He was born in Ontario, Canada on March 23, 1859 to James John Martin and Maria Callaghan Martin. He would work with his father in Canada at a young age for six years and learned the sheet metal trade. He came to the United States when he was twenty years of age; although he was young he was well advanced in the art of sheet metal work. He first came to Michigan and worked in the principal cities in that state and then traveled, working at his trade in most of the larger cities  from Michigan to the Pacific in the west, and from Canada in the north to the Gulf of Mexico in the south. Having gained a wide experience in the sheet metal trade, through his travels, he decided to go into the business for himself. Coming to Rockford in 1892 and seeing a good opening for a cornice business, as there was no business of the kind here at that time, he established the Rockford Cornice Works at the corner of South Third and East State Streets. The business was carried on in this plant until 1901 when it became necessary to have larger quarters. Mr. Martin decided to have a factory of his own for the business, and had the building at 312 and 314 Market Street erected, where the business opened in 1902. The factory was one of the largest and best equipped of its kind in Northern Illinois at the time. A large quantity of the product was shipped to jobbers in Illinois and Wisconsin. They manufactured and contracted for sheet metal fronts and cornices, skylights, ventilators, steel ceilings, eaves troughs, conductor pipes, rain water filters, and metal, slate and tile roofing, and just about anything else that could be manufactured from sheet metal. Mr. Martin personally oversaw all work done by the firm. This company had furnished the work in their line for many important buildings in Rockford and vicinity, among which includes Turner School, Blake School, Rockford High school, Rockford Brewery, Memorial Hall, the Carnegie Library Building, Saint Paul's Evangelical Lutheran Church at Fort Atkinson, Wisconsin and Saint Mary's Catholic School, Freeport, Illinois. They also did work for neighboring Trinity Lutheran Church, who later on would purchase and demolish the Rockford Cornice Works building for expansion. Mr. Martin patented the Perfection Rain Water Filter which has a large sale over a wide area of country, and is well known in Rockford as there are hundreds of them in use in the city. Mr. Martin would pass away on December 29, 1948 and was buried at Cedar Bluff Cemetery.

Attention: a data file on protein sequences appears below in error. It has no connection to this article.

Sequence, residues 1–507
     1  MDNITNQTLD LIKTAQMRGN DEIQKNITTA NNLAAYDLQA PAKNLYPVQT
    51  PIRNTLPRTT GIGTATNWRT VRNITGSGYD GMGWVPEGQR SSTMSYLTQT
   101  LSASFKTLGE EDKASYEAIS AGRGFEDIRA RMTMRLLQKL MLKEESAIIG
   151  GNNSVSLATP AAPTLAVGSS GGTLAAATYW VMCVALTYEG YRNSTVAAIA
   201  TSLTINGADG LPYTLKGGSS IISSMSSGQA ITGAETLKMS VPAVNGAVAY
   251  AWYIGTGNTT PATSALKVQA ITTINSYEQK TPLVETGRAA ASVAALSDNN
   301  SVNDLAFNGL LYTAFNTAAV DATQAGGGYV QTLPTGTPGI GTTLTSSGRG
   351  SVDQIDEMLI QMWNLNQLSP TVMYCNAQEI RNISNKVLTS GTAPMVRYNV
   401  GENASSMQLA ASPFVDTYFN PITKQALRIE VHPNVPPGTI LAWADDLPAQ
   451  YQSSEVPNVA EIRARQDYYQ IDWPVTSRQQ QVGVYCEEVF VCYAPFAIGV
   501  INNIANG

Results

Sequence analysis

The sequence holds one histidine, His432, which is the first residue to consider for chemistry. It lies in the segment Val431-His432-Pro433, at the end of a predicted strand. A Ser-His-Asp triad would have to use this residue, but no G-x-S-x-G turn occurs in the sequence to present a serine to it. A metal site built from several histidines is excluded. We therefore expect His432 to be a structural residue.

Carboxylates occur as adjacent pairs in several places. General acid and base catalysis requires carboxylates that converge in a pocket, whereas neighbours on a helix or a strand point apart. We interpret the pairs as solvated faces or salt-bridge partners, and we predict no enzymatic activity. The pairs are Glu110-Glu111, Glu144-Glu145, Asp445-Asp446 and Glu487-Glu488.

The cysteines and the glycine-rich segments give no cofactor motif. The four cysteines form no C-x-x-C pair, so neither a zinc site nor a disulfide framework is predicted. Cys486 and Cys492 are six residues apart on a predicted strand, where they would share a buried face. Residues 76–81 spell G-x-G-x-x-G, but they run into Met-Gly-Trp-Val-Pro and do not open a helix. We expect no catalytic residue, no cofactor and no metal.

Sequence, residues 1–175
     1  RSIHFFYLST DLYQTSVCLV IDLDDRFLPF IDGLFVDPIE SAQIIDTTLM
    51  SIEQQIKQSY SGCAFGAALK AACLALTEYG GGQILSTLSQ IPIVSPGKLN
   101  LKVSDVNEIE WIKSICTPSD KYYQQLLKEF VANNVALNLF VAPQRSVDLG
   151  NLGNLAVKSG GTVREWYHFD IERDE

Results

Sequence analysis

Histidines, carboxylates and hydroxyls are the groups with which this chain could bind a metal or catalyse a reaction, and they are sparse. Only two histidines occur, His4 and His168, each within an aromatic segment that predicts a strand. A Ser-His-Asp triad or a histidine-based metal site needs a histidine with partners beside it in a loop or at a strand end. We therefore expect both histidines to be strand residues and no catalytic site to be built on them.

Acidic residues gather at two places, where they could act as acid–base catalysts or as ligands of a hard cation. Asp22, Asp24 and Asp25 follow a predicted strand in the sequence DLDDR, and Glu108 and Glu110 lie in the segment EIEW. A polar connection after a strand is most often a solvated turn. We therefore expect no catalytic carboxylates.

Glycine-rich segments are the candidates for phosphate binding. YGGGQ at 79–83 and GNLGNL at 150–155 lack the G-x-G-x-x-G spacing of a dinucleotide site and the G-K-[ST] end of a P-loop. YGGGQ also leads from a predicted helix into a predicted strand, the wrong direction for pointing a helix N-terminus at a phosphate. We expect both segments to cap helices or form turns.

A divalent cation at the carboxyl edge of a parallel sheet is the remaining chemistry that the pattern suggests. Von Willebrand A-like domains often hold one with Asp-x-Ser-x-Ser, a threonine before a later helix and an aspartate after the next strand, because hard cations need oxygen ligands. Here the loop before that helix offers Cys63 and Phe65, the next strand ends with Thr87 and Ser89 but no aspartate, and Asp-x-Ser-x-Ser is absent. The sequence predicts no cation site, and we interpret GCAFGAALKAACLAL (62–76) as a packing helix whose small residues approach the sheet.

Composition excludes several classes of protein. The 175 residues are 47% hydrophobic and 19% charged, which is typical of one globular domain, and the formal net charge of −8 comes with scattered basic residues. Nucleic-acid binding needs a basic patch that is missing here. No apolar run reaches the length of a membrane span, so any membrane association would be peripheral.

Henry W. Price was born in Lakeville, New York on May 22, 1837. His parents moved to Chicago while he was an infant and remained until he was twelve years old. His family then started for California in 1849. His father who planned on making a fortune in the gold fields of that state, died on the way. The family then returned to Lakeville and Henry made his home with his grandfather, Deacon John Holmes, and attended school at the Temple academy in Geneseo. When Henry was eighteen years old he went to Buffalo and bought a stock of shoes, where he remained in trade until coming to Rockford in 1858. Upon his arrival in the Forest City he at once entered a business career which grew to such proportions as to place him in the front ranks of financiers and masters in giant business enterprises. His life was his business which was conducted upon a scale that would cause one less timid to hesitate. Mr. Price never faltered. His plans in all business enterprises were well laid and carried out with mathematical precision. If they failed, it was not due to any lack on his part, but to circumstances beyond his control. He relied upon his own resources in planning for future success for himself and the city he loved so well. When first coming to Rockford he engaged n the shoe business, but in 1860 he started the manufacture of gloves. Price married Frances Irene Warner of Milan, Pennsylvania in 1863 and would have one daughter, Maude, and they made a home at 929 North Main Street.  He had the credit of instituting some of Rockford's most valuable industries and improvements. Mr. Price was one of its early settlers and became one of Rockford's prominent citizens. He inspired the creation of the Rockford Watch Company, Rockford Silver Plate Company, Rockford Bolt Works, Rockford Tack factory, Rockford City Railway Company, and the Ingersoll Milling Machine Company. He invested large sums of money in these industries, and in some instances large sums were lost, but he pushed all the harder to win success for the good of the city. Among other public enterprises in which he was a moving spirit, was the North End addition in which he invested $250,000.00. Mr. Price was the president of the H. W. Price Glove Company, president of the Rockford Silver Plate Company, and vice-president of the Rockford City Railway Company, in all of which institutions he was a heavy investor. Mr. Price experienced heavy losses in some of his enterprises, but at this he did not falter.  New energy was thrown into his business and much of the losses recovered. After spending the best part of his most active and valuable life in the up-building of the city of his adoption and of his best love, he died in the afternoon of May 20, 1903 at the age of 66.